Flu cases in Washington state are already at higher-than-average levels, and experts say we have yet to hit the flu season’s peak. In the last few weeks, health officials have reported a spike in influenza activity. Seattle Children’s is seeing an increase in emergency department visits for flu symptoms. In the past week, 62 infants, kids and teens tested positive for flu, which is three times more than the number of cases seen in the first week of December.
Across the United States, 47 states are reporting widespread influenza activity, and at least 18 children have died from the flu this season, according to the Centers for Disease Control and Prevention. In Washington state, at least six people have died, including a 12-year-old boy.
It’s not too late to get vaccinated against the flu, a contagious virus that infects the nose, throat and lungs, and can cause fever, cough, sore throat, muscle aches, fatigue, vomiting and diarrhea.
Yearly flu vaccines prevent 70 to 90 percent of the flu in children and adults, as Doug Opel, MD, MPH, general pediatrician at Seattle Children’s, explained in a recent blog post. This year’s flu vaccine contains the most common flu viruses currently circulating.
Getting the flu vaccine is especially important for children with cancer, lung or heart disease, and diabetes, but the flu can be serious even in children who are otherwise healthy. All caregivers and family members over the age of six months should receive a flu shot each year. Use the HealthMap Vaccine Finder to search for locations offering the flu vaccine.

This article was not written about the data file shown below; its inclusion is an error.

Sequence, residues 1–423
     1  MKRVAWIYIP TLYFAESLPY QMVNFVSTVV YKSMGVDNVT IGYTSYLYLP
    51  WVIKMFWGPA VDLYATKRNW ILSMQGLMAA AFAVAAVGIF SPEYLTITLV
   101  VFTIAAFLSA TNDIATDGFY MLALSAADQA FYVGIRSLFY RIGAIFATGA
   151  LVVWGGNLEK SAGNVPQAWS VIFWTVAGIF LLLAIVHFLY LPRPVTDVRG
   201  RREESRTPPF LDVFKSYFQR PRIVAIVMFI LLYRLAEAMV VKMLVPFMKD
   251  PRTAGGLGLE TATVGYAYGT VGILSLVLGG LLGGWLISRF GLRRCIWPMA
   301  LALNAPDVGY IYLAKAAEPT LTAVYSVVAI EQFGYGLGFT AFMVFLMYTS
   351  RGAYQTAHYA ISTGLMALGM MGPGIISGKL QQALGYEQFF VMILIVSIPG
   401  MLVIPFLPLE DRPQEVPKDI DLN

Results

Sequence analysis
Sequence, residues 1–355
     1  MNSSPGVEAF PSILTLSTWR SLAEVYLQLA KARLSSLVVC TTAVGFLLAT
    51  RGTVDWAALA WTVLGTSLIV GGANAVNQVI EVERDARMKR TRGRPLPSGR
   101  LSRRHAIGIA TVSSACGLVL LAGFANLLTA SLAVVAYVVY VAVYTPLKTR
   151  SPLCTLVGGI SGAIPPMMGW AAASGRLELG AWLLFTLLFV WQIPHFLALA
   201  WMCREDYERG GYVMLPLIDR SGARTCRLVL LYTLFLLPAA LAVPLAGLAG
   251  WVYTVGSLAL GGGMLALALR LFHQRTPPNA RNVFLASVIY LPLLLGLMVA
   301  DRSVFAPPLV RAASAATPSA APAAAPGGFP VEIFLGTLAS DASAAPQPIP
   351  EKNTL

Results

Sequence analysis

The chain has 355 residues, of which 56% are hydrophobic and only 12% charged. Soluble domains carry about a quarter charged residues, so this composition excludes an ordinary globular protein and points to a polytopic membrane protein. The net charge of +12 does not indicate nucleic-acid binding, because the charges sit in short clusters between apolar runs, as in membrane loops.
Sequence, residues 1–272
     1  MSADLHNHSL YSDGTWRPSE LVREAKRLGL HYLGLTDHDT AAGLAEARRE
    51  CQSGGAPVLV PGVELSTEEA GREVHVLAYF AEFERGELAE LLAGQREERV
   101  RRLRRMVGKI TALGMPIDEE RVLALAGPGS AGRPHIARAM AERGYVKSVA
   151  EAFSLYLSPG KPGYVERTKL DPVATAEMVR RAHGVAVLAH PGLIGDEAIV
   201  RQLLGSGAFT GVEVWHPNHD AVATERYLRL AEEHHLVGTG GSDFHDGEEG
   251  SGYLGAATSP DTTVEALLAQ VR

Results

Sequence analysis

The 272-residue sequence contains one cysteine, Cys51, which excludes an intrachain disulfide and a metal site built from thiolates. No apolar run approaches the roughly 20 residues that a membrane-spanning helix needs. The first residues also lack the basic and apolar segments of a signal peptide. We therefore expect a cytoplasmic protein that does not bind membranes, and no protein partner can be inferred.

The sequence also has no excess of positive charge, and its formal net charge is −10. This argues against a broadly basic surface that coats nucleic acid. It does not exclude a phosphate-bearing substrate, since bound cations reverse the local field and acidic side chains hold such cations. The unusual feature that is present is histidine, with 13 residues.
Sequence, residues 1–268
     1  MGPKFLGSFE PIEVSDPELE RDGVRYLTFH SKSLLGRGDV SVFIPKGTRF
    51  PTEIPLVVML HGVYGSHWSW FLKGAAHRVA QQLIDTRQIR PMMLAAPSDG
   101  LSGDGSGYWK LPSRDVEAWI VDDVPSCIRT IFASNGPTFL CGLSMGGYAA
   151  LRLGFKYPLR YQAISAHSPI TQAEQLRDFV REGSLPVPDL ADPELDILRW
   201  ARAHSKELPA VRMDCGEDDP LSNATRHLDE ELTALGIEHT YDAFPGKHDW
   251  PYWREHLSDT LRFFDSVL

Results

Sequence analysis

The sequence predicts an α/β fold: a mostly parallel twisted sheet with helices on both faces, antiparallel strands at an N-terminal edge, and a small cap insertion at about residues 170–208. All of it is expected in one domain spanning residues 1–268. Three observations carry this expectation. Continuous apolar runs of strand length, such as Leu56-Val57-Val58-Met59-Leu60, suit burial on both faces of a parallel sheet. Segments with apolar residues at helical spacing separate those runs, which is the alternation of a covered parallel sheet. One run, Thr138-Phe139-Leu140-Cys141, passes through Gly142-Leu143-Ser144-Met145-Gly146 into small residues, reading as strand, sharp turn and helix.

5 tips to prevent the spread of flu
Tony Woodward, MD, MBA, medical director of the division of emergency medicine at Seattle Children’s, encourages parents to follow some simple steps to help keep the flu from spreading:
- Wash hands – yours and your kids’ – frequently with soap and water. Adults and older children can use alcohol-based hand sanitizers for disinfecting between hand washes.
- If your child is sick, keep them home from school or day care for at least one day after they no longer have a fever. If you’re sick, stay home from work.
- Use tissue or the crook of your elbow to cover your mouth when coughing or sneezing. Throw used tissues away in a covered trash bin.
- Remind kids to avoid touching their eyes, nose or mouth, and to keep their hands away from their face.
- Avoid sharing personal items like spoons and towels, and clean shared spaces often.
Where to go for help
In most cases, children do not need emergency care for flu symptoms, unless they are under 2 years old, at high risk because of underlying or ongoing medical issues, or experiencing difficulty breathing or other life-threatening symptoms.
For a stable child with a fever and flu symptoms, Woodward recommends that parents contact their doctor before coming to the emergency department or urgent care clinic. On evenings and weekends, parents in the Puget Sound region can take kids to one of Seattle Children’s urgent care clinics in Bellevue, Mill Creek and Seattle, which are open from 5 to 10:30 p.m. on weekdays and from 11 a.m. to 8:30 p.m. on weekends and holidays.
- 5 New Year’s resolutions to keep kids healthy in 2013
- Do You Really Need a Flu Shot Every Year?
- The Fastest Tests Beyond the West: Inside Seattle Children’s Lab
- People Are Dying From The Flu (Seattle Mama Doc)
If you’d like to arrange an interview with a Seattle Children’s doctor, please contact Children’s PR team at 206-987-4500 or firstname.lastname@example.org.